Table of Contents - Vol. VII, No. 2
Alan C. Reese
The Disinformation Phase by Chris Toll
Reviewed by Alan C. Reese
[THE DISINFORMATION PHASE. Chris Toll. Publishing Genius, 2011] I couldn’t sleep, so I got up and went down to the kitchen to fix a cup of chamomile tea. A strange throbbing hum, low and persistent, grew louder, but I couldn’t tell whether it was coming from inside my head or inside the house. Then I noticed a light emanating from my study. There on the desk, bathed in a pulsing green glow, was a book. I thought about Kryptonite and the light at the end of Daisy’s dock and then picked it up and read the title: The Disinformation Phase. It was a collection of poems by Chris Toll. I wasn’t sure how it arrived, but I sat down in my favorite chair and began to read; the book grew warmer in my hands and seemed to purr.
Reading The Disinformation Phase is like entering a world where the interstates all lead to mansions or to nowhere and where dinosaurs roam free as UFOs soar overhead. It is a parallel universe where things have turned around on themselves to show their true nature. Many of the words and phrases sound oh so familiar, but are odd and out of kilter like Bizarro Superman reciting the “Pledge of Allegiance or “The Lord’s Prayer.” It is a world where nonseqiturs make beautiful sense.
The collection is divided into three sections, a trinity containing fifty poems. These are poems about the spiritual nature of human suffering and longing suffused with love and yearning. It is a gentle love. This is a little book with a Big Heart filled with small poems with a large vision. Toll writes with a romantic’s machine gun that fires flowers, balloon animals, and soap bubbles filled with nitrous oxide. The poems interrogate you with questions the Cowardly Lion would ask after taking a massive dose of LSD. “Who pays the rent in coherent?” “Why is us in Jesus?” “How long can I stay at the inn in innocent?”
They are populated with a mishmash of religious and cultural references and icons that have never been assembled together under one rooftop. They whirl in a galactic swirl of word play and alliteration and stretch across time and space with references to everything from pterodactyls and Cortez to vampires, Jedis, and antimatter logarithms. Cameos feature such luminaries as T.S. Eliot, Edward Hopper, Mary and Jesus, Bob Dylan, and Jackson Brown.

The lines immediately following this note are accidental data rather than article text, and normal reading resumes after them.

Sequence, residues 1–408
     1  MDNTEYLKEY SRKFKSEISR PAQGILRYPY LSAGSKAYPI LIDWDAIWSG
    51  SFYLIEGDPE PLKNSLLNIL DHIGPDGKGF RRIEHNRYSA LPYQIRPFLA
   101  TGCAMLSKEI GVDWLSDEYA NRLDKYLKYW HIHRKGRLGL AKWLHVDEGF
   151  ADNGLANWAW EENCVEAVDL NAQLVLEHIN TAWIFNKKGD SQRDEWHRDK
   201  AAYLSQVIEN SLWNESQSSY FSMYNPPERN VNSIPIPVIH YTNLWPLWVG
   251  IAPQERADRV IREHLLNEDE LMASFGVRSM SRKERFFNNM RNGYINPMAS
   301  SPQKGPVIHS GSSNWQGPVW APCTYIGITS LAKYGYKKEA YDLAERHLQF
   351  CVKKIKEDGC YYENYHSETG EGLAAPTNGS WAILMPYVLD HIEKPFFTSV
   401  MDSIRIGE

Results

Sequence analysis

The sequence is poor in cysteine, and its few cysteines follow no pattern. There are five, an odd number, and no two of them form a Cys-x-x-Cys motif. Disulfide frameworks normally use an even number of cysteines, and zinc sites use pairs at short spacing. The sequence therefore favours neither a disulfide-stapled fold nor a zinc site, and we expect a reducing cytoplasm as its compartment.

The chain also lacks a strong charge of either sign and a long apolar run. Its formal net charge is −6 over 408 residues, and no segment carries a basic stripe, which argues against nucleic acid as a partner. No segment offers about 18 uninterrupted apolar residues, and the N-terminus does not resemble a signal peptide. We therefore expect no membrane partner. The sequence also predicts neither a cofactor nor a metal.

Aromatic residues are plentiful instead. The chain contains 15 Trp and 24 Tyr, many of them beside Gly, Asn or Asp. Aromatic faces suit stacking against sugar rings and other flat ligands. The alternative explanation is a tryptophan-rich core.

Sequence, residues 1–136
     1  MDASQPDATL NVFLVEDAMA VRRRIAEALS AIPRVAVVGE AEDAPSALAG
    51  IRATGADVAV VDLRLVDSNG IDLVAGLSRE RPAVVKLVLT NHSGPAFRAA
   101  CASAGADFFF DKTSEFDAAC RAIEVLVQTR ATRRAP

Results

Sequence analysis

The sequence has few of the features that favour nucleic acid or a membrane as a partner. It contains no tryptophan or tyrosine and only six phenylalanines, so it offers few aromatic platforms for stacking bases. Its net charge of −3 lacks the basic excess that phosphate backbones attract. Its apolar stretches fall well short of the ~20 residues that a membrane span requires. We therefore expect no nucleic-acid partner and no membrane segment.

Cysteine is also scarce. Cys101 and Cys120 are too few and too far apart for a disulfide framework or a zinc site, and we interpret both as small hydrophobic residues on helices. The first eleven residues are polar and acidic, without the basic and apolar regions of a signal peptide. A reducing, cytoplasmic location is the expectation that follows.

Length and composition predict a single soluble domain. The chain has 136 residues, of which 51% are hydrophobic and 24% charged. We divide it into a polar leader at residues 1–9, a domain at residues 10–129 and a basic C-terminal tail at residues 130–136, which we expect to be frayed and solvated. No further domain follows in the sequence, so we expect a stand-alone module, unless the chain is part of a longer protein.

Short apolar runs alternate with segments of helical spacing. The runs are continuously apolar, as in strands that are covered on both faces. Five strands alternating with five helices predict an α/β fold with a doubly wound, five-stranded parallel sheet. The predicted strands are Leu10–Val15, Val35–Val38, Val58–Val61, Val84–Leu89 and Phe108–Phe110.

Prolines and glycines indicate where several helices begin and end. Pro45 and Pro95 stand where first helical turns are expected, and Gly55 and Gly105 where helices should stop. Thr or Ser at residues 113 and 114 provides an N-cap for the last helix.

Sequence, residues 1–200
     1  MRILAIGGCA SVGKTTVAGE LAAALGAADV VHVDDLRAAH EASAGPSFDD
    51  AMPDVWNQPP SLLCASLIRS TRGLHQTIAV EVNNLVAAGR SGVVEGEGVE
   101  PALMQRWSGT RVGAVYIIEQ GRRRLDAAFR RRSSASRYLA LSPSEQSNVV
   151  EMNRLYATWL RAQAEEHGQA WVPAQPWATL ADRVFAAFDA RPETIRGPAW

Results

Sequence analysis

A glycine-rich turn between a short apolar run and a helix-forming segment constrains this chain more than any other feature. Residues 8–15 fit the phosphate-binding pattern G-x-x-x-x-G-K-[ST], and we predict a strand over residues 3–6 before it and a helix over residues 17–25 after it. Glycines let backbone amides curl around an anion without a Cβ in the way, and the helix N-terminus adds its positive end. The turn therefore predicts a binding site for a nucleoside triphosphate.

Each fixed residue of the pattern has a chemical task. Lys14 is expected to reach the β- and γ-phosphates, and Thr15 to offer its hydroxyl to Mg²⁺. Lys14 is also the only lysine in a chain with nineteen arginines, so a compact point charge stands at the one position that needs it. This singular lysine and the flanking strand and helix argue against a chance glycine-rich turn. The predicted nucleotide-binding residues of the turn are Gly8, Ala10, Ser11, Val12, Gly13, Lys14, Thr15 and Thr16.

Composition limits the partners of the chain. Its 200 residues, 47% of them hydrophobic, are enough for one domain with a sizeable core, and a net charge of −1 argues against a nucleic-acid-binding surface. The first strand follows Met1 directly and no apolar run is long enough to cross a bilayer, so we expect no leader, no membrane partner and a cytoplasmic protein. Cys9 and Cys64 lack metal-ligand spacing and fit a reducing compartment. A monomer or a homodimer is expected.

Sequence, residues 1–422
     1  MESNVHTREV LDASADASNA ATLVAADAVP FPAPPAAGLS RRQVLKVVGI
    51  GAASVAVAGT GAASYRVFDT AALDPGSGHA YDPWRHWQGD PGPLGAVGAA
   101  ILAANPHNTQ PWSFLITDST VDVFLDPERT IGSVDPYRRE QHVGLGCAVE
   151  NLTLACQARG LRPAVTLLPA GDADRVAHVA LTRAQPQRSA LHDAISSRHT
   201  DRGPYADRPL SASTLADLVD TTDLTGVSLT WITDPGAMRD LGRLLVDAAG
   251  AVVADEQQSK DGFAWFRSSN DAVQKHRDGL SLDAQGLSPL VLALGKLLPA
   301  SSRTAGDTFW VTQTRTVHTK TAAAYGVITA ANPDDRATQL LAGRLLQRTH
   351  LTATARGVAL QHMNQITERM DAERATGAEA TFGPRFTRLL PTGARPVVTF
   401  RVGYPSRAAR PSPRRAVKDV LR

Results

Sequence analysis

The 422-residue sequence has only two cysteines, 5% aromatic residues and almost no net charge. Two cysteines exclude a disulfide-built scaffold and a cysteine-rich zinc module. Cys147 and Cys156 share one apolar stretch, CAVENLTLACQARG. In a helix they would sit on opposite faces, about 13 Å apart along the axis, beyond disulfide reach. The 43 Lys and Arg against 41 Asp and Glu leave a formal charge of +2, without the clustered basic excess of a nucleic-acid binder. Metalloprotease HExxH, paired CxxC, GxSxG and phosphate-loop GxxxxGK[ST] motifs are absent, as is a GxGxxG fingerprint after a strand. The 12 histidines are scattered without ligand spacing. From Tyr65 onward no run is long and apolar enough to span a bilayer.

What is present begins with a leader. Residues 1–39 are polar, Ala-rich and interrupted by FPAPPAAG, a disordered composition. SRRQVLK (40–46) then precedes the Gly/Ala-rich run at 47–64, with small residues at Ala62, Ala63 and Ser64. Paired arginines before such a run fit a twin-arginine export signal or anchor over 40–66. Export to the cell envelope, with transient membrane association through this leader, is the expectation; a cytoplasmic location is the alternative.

A parade of saints you will not find in Butler’s Lives of Saints, but who should be there, march through the poetic lines in a religious pilgrimage to the one true God, a woman, “who is so busy praying/She doesn’t have time to answer my prayers.” Here you will find the Saint of Long Dances, Second Glances, and Wrong Prepositions in the procession.
Then there are a group of poems purporting to be recently discovered works by John Keats, Eddy Poe, Sylvia Path, and Emily Dickinson. In short prose introductions, Toll explains the odd circumstances by which these literary treasures came to light and into his possession. Each of the newly unearthed works is written in a language not native to the original poet, and Toll offers his translation. We are thankful for his efforts in bringing us these new insights into the work of these writers and adding greater understanding of their body of work. It is a commendable feat.
Chris Toll is the Yoda Jedi master of metaphor, the Kay Ryan of the lonely and broken hearted and the High Priest of the Disenfranchised. At times, you may feel as if you are a stranger in a strange land, but as he says in “Carbon-Based Lifeform Blues,” “the job of the poet is not to explain the Mystery./The job of the poet is to make the Mystery greater.” And Chris Toll has done that.
By the time I finished reading, the rosy finger of dawn was stretching over the horizon and I found myself dozing off into blissful slumber. When I awoke, the book was gone, so I am not sure whether it was all a dream or not, but today I will make a pilgrimmage down the interstate in search of a copy of The Disinformation Phase by Chris Toll to still the turmoil in my heart and bring me inner peace with the suffering of the world.
© Alan C. Reese